Georgia Tech’s class of 14 includes RB Custis
Paul Johnson shrugged when told Georgia Tech’s signing class
didn’t excite the national experts.
Then he found a positive spin.
”If we win games, then you’ll think we’re good coaches,
right?” Johnson asked with a smile.
Georgia Tech didn’t have room to sign a big class on Wednesday,
so Johnson said he focused on filling needs with his 14
The coach made it clear he didn’t agree with the experts who
found no stars in the class. Rivals.com ranked Georgia Tech’s class
only No. 85 in the nation, and on its scale of one to five stars
said the class included no five- or four-star players.
The class includes running back Travis Custis of Lovejoy High
School, offensive linemen Shamire DeVine of Atlanta’s Tri-Cities
High School and Chris Griffin of Panacea, Fla., and kicker Harrison
Butker of Atlanta’s Westminster School.
Custis (6-0, 215), who was the first player in the class to
commit to Georgia Tech, rushed for 2,118 yards with 35 touchdowns
in 2012 and led Lovejoy to the Class AAA state championship.
”I think he was one of the best running backs in the state,”
Johnson said Devine (6-7, 355) and Griffin (6-6, 272) are big,
strong offensive linemen. Johnson said Devine won over his coaching
staff when he participated in a Georgia Tech camp as a junior.
”To me, ability wise, he’s as good as any high school junior
I’ve seen in camp,” Johnson said. ”He crushed people.
”If I had to pick any offensive lineman I saw in the state, and
they said take the one you want, he’s it. We’ll see. I think he’s
got a chance to be a good player.”
David Scully, Chris Tanner and Justin Moore combined to make
only 11 of 18 field goals with three missed extra points. Butker
was ranked the nation’s No. 3 high school kicker by ESPN.
”I think kicker is unquestionably an area we needed help and he
was one of the best in the country,” Johnson said.
Ty Griffin, who was a dual-threat quarterback at McEachern and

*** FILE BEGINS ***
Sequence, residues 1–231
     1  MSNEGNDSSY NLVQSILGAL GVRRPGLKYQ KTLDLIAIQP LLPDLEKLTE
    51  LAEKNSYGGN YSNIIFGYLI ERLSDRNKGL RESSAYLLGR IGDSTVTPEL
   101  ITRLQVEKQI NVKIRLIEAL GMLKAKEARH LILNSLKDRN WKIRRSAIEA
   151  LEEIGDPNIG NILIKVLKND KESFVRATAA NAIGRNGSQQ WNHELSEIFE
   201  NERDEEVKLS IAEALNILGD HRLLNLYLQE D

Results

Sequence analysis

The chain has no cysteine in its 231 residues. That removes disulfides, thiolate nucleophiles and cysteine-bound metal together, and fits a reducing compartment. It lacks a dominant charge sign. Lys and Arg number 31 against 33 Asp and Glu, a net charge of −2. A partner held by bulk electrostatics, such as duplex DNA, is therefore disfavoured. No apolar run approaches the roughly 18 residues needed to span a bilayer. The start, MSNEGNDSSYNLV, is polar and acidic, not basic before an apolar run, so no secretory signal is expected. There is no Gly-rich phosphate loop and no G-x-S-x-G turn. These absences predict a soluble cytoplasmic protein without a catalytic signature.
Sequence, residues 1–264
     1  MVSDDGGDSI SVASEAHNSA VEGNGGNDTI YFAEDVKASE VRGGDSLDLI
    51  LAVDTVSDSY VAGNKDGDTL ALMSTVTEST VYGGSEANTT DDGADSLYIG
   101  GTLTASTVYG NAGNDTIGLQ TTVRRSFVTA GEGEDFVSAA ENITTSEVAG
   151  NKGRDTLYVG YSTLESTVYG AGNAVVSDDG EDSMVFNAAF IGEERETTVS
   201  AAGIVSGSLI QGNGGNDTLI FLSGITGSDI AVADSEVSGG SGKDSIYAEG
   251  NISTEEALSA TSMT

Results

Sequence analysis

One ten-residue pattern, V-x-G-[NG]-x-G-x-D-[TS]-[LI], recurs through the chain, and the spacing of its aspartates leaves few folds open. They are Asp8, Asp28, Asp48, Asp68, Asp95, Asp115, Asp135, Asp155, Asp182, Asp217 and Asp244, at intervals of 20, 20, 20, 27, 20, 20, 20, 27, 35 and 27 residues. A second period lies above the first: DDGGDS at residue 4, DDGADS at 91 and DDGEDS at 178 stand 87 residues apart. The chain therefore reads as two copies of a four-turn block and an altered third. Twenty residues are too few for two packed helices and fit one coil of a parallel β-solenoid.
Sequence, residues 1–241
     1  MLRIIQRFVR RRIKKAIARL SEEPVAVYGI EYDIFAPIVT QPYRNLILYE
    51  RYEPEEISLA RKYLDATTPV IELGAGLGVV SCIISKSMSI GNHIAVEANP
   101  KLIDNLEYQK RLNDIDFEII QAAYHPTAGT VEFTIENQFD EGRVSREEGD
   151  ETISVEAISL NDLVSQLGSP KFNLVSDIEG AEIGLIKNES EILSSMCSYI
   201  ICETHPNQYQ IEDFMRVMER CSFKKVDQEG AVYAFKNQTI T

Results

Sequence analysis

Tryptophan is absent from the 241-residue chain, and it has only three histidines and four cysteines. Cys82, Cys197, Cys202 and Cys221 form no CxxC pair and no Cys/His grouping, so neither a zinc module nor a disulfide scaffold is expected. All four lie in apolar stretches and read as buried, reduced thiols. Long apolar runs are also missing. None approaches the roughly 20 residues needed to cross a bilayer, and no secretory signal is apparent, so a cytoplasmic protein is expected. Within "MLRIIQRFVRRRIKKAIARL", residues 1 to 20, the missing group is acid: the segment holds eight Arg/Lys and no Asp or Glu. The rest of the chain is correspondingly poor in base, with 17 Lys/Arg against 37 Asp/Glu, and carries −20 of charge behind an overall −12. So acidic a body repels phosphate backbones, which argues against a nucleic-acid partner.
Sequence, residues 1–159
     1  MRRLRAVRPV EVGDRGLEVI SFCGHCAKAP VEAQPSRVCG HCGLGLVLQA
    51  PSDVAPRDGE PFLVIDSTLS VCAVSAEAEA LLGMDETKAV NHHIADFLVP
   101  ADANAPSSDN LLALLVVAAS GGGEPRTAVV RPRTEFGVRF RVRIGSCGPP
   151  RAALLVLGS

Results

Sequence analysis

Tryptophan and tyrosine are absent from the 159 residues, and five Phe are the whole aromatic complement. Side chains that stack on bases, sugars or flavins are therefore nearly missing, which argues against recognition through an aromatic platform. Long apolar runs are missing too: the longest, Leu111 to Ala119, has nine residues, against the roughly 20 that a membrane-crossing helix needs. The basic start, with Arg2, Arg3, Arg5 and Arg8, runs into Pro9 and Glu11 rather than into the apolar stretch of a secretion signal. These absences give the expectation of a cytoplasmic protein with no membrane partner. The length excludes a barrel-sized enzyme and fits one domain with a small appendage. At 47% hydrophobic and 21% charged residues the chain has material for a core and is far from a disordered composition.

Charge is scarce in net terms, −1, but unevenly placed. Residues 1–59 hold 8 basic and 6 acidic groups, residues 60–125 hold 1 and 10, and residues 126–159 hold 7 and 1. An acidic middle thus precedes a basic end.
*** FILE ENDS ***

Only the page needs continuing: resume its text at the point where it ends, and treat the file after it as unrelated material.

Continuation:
North Cobb in the Atlanta area, was signed to run Johnson’s
Georgia Tech signed six defensive players, including two –
defensive lineman/linebacker Kevin Robbins and defensive lineman
Darius Commissiong – from Bishop McNamara High School in
Johnson said the ”Georgia Tech brand plays very well
nationally,” including in ”the Catholic schools in D.C., where
the education is more important to people.”
A late addition to the class was linebacker Paul Davis of Cairo,
who had committed to Temple.
Johnson said Wednesday he may sign one or two more players.
Cornelius Elder, a running back from Nashville, Tenn., is still
considering offers from Georgia Tech, Ohio State, Auburn and UCLA.
He also has an offer to play basketball at Purdue.
Four players pulled back on commitments to Georgia Tech late in
the recruiting process.
Georgia Tech lost wide receiver Jumichael Ramos, who played with
Custis at Lovejoy. Ramos signed with North Carolina State. The
Yellow Jackets also lost running back Brendan Douglas of Aquinas,
who signed with Georgia. Also, Hillgrove High defensive back
Tolando Cleveland signed with Mississippi State and Cedar Creek
High quarterback Damon Mitchell signed with Arkansas.
Johnson said the players pulled back their commitments when
their options expanded.
”Most of them didn’t have another BCS offer when they committed
(to Georgia Tech),” Johnson said. ”So did they really want to
come to school here or were they just kind of taking something to
Johnson said he is always looking for ways to improve his
recruiting. He said he won’t be motivated by rankings compiled by
He said he has had 13 all-Atlantic Coast Conference players in
five years at Georgia Tech. Of those 13, he said five were regarded
as two-star players, three had three-star rankings and five were
considered four-star recruits.
”So what’s your conclusion?” Johnson asked. ”My conclusion is
they were all good players, all all-conference and they came in
Johnson said he’ll continue to rate players ”off our camps and
off our tape and how good players they are.”
”We don’t care where they are ranked or what their star system
is or whatever,” he said. ”If we feel like they’re good players,
then we offer them.”